A Painter in Penang

By Clare Flynn,

Why should I read it?

1 author picked A Painter in Penang as one of their favorite books, and they share why you should read it.

What is this book about?

Sixteen-year-old Jasmine Barrington hates everything about living in Kenya and longs to return to the island of Penang in British colonial Malaya where she was born. Expulsion from her Nairobi convent school offers a welcome escape – the chance to stay with her parents’ friends, Mary and Reggie Hyde-Underwood on their Penang rubber estate.

But this is 1948 and communist insurgents are embarking on a reign of terror in what becomes the Malayan Emergency. Jasmine unearths a shocking secret as her own life is put in danger. Throughout the turmoil, her one constant is her passion for painting.

From the…


Transforming Post-Catholic Ireland

By Gladys Ganiel,

Book cover of Transforming Post-Catholic Ireland: Religious Practice in Late Modernity

Why, from the 1990s, did the Irish Catholic consensus so suddenly disappear? And what might be the effect of this sudden-onset secularisation? This brilliant account of the recent revolution in Irish religion describes the effects of the clerical scandals that brought down a government, demoralised a denomination, and drove social change on a massive and structural scale. Ganiel shows how the older religious monopolies that did so much to shape the institutions and culture of Ireland, north and south, have given way to a much more fluid religious market, in which individuals can believe without belonging just as much as they might formerly have belonged without believing.

Transforming Post-Catholic Ireland

By Gladys Ganiel,

Why should I read it?

1 author picked Transforming Post-Catholic Ireland as one of their favorite books, and they share why you should read it.

What is this book about?

Transforming Post-Catholic Ireland is the first major book to explore the dynamic religious landscape of contemporary Ireland, north and south, and to analyse the island's religious transition. It confirms that the Catholic Church's long-standing 'monopoly' has well and truly disintegrated, replaced by a mixed, post-Catholic religious 'market' featuring new and growing expressions of Protestantism, as well as other religions. It describes how people of faith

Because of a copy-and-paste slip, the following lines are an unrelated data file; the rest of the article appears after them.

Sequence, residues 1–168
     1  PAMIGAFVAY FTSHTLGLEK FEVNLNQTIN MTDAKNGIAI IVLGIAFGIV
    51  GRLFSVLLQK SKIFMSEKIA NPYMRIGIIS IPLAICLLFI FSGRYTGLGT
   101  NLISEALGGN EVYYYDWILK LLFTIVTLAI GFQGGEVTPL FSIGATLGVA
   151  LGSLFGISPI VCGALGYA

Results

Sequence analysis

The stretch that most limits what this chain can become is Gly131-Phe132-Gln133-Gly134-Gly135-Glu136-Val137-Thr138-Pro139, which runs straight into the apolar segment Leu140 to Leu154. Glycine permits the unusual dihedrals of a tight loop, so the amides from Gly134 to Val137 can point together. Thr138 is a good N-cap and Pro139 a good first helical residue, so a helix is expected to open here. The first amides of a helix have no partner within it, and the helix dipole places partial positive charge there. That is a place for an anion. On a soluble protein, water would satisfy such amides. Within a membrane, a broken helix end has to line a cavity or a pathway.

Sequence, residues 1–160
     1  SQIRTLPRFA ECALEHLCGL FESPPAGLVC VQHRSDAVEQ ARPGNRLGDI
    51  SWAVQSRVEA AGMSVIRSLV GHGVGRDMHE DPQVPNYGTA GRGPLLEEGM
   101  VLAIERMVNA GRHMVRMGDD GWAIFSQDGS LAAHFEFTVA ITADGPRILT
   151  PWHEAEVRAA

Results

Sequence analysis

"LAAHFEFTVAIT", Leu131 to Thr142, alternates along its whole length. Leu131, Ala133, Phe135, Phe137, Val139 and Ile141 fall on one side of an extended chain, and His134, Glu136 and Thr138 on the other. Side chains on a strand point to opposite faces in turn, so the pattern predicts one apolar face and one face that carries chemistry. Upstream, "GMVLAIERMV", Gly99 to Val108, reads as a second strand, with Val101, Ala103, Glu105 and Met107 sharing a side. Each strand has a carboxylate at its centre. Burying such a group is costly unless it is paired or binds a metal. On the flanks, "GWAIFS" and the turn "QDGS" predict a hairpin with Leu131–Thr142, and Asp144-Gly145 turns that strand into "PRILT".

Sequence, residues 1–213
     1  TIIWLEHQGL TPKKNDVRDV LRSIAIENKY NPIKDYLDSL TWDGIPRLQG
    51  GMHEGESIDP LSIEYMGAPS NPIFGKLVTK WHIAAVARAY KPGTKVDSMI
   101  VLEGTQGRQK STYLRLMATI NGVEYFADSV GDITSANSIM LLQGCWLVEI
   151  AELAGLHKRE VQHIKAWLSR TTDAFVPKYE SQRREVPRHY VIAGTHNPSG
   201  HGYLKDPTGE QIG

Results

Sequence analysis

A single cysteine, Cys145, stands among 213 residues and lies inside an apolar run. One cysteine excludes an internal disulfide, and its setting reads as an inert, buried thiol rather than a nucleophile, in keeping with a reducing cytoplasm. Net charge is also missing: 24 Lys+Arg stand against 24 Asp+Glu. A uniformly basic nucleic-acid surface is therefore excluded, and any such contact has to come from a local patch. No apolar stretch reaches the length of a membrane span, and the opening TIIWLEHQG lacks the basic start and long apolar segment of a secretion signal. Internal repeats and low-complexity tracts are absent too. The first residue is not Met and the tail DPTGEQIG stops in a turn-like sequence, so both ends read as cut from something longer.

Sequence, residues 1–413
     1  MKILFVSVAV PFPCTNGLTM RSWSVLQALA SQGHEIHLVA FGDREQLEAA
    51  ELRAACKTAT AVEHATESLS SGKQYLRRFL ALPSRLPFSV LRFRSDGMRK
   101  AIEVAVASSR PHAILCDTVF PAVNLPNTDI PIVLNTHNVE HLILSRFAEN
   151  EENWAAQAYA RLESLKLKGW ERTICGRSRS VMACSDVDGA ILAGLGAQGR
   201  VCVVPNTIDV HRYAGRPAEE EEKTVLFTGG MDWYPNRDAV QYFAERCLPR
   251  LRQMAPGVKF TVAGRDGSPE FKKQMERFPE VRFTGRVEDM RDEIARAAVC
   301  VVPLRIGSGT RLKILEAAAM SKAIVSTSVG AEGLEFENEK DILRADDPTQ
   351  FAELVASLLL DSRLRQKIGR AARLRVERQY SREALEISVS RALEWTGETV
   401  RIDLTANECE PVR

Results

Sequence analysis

are developing 'extra-institutional' expressions of religion, keeping their faith alive outside or in addition to the institutional Catholic Church.

Drawing on island-wide surveys of clergy and laypeople, as well as more than 100 interviews, Gladys…


The Making of Ireland and Its Undoing, 1200-1600

By Alice Stopford Green,

Book cover of The Making of Ireland and Its Undoing, 1200-1600

This is an intriguing account of a lesser known period in Irish History, an unusual focus on a surprisingly successful and wealthy time. Stopford Greene was an Anglo-Irish historian, the daughter of a Protestant Archdeacon and the granddaughter of a Bishop. In this remarkable book, using material contemporaneous with her chosen period, she explores the centuries after Ireland had recovered from the Norman Invasion when it had developed a rich and sophisticated society and a thriving trade with the Continent of Europe. All of this ended with the devastation of the Tudor conquest and England’s subsequent genocidal policies.

A committed nationalist, Alice paid from her own pocket for the guns which were run into Howth Harbour in 1914 to help with the Rising.

The Making of Ireland and Its Undoing, 1200-1600

By Alice Stopford Green,

Why should I read it?

1 author picked The Making of Ireland and Its Undoing, 1200-1600 as one of their favorite books, and they share why you should read it.

What is this book about?

Unlike some other reproductions of classic texts (1) We have not used OCR(Optical Character Recognition), as this leads to bad quality books with introduced typos. (2) In books where there are images such as portraits, maps, sketches etc We have endeavoured to keep the quality of these images, so they represent accurately the original artefact. Although occasionally there may be certain imperfections with these old texts, we feel they deserve to be made available for future generations to enjoy.


Autobiography of a Child

By Hannah Lynch,

Book cover of Autobiography of a Child

In 1899, the Irish novelist, Hannah Lynch wrote her memoir Autobiography of a Child. She caused controversy in Ireland and abroad by attempting to represent her childhood up to the age of twelve narrated through the child’s voice, a strategy I adopted but from the ageing child’s point of view where the language and thought process become more complex as I grow older. Her use of adult reflection upon the child’s unstable memory demonstrates an original understanding of the child’s point of view and its representation. Hannah uncovered the inescapable cycle of harsh treatment by her parents within a large family and the physical abuse by nuns at school. Her book reinforces the unreliability of memory for autobiography and helped me to accept that total veracity is not possible.

Autobiography of a Child

By Hannah Lynch,

Why should I read it?

1 author picked Autobiography of a Child as one of their favorite books, and they share why you should read it.

What is this book about?